Industry participants

A team from Boston Engineering Corp., based in Waltham, Massachusetts, demonstrated two vertical profilers — one in a tube on the deck and one out in the bay. Both of those profilers deliver vertical water column profiles carrying standard or user-specified payloads in large customizable payload volumes, collecting data and then transmitting them in a number of ways. For Demo Day, the team used satellite communications.

“Our hope for Demo Day is to expose ourselves and the technology to NUWC’s team and understand more about the incredible capabilities that NUWC has to offer,” David Shane of Boston Engineering Corp. said. “We’re already engaged with NUWC and want to be more involved collaboratively solving Navy problem sets.”

Darya Blout from Deep Blue Composites, located in Bristol, Rhode Island, shared her company’s deep sea pressure housing line meant to replace titanium pressure housings currently used in unmanned undersea vehicles (UUVs). Deep Blue Composites products reduce weight by using a fully composite option that is cost effective, making them more accessible to UUV manufacturers.

“I am hoping to bring more awareness to composites and their use in Navy and DOD settings,” Blout said. “I think that they are really underutilized, especially in the underwater vehicle space, as they’re only recently being adopted by the Navy and other defense sectors.”

The Jaia Robotics team, also located in Bristol, put two of their JaiaBot micro-autonomous undersea vehicles (AUVs) in the water to complete dive simulations. The JaiaBots can collect sound velocity profiles (SVPs), bathymetry, and water depth measurements while being able to travel at great speeds on the surface.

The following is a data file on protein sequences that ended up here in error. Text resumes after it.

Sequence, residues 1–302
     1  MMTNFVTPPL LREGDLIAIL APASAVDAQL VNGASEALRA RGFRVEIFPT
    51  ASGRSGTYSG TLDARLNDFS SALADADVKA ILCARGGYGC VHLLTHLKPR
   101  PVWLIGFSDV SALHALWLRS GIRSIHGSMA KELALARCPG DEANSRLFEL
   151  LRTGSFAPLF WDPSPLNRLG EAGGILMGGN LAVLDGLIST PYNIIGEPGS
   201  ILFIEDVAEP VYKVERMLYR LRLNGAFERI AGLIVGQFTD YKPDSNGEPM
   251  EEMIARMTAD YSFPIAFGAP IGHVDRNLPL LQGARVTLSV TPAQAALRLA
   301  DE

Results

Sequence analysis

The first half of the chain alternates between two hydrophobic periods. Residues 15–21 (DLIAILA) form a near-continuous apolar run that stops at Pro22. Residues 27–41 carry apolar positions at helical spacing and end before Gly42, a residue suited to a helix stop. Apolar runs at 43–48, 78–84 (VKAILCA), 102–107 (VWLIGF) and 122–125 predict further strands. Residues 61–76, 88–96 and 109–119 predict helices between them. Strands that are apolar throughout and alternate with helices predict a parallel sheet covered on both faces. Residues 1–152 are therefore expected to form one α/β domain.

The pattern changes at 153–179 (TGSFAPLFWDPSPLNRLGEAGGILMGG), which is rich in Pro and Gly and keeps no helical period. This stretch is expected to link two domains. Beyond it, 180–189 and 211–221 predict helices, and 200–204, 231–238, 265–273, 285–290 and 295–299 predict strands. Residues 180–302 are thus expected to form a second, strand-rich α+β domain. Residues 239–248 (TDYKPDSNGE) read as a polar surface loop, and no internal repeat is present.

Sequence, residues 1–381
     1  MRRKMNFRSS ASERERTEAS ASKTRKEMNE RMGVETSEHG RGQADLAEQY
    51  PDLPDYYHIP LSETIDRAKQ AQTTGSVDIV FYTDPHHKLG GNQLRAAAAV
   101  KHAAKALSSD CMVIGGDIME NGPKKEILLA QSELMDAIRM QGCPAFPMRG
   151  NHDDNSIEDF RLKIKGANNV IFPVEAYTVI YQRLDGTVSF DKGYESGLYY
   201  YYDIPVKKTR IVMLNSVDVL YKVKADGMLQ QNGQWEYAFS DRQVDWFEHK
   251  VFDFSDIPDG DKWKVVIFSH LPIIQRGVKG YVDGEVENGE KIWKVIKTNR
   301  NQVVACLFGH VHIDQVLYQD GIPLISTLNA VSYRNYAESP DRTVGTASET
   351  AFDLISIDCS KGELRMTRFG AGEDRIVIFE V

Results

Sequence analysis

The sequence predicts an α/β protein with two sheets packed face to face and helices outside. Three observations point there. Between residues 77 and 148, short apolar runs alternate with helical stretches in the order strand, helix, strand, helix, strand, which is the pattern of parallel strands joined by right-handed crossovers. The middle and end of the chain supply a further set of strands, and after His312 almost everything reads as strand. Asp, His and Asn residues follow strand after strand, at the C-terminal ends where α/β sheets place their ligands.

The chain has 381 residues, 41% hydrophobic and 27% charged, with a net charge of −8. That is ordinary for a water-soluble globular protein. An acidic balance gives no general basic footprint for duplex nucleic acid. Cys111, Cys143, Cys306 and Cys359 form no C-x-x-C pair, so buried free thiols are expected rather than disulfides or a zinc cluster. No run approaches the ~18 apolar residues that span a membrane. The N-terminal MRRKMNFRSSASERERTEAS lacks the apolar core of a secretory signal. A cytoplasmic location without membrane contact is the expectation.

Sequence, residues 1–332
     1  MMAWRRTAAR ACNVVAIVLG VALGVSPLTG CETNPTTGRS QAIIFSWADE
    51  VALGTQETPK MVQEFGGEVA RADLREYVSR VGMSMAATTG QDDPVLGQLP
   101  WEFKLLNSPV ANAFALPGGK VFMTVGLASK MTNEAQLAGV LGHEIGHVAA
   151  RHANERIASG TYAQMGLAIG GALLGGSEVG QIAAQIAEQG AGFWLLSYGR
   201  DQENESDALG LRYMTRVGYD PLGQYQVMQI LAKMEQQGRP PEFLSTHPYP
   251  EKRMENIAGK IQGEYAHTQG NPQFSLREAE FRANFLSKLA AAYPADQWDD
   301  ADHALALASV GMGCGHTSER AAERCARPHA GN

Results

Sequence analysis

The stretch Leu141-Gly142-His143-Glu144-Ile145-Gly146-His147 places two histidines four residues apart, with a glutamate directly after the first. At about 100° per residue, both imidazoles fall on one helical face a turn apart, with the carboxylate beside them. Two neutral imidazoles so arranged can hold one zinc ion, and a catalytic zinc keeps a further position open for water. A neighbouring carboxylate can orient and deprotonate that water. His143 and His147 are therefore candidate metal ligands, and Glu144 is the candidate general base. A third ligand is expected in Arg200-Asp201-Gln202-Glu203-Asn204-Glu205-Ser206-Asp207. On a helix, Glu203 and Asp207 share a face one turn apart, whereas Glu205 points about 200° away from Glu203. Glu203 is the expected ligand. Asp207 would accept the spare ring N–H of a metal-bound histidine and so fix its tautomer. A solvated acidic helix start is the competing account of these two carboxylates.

The company is hoping to reach out to future collaborators, show what their staff and robots are capable of and then have some time on the water as well, said Jaia Robotics engineer Jessie Paskoski.

Juice Robotics, based in Middletown, Rhode Island, demonstrated its fiberoptic reel system, or FOReel system, that was created in partnership with Nautilus Defense and URI. The system features a light, fiberoptic fishing line, a commercial mechanical reel, and a camera and light system that allows users to see live footage of the bottom of Narragansett Bay.

Juice Robotics was started by Matt Jewell who later partnered with Christine deSilva after meeting at URI during a film shoot for “Shark Week.” Their goal was to create a vehicle that would travel at high speeds and “get people’s attention.”

“We realized the future of deep sea research and deep sea exploration and really accessing oceanographic data is with these smaller, modular, lighter and more affordable components,” deSilva said. “So what we’re doing at Juice is really making that passion come together.”

Dr. Kevin Rosa started Current Lab, an ocean current forecasting company based in Newport that works mostly with the sail racing industry to help them find the fastest route across the race course.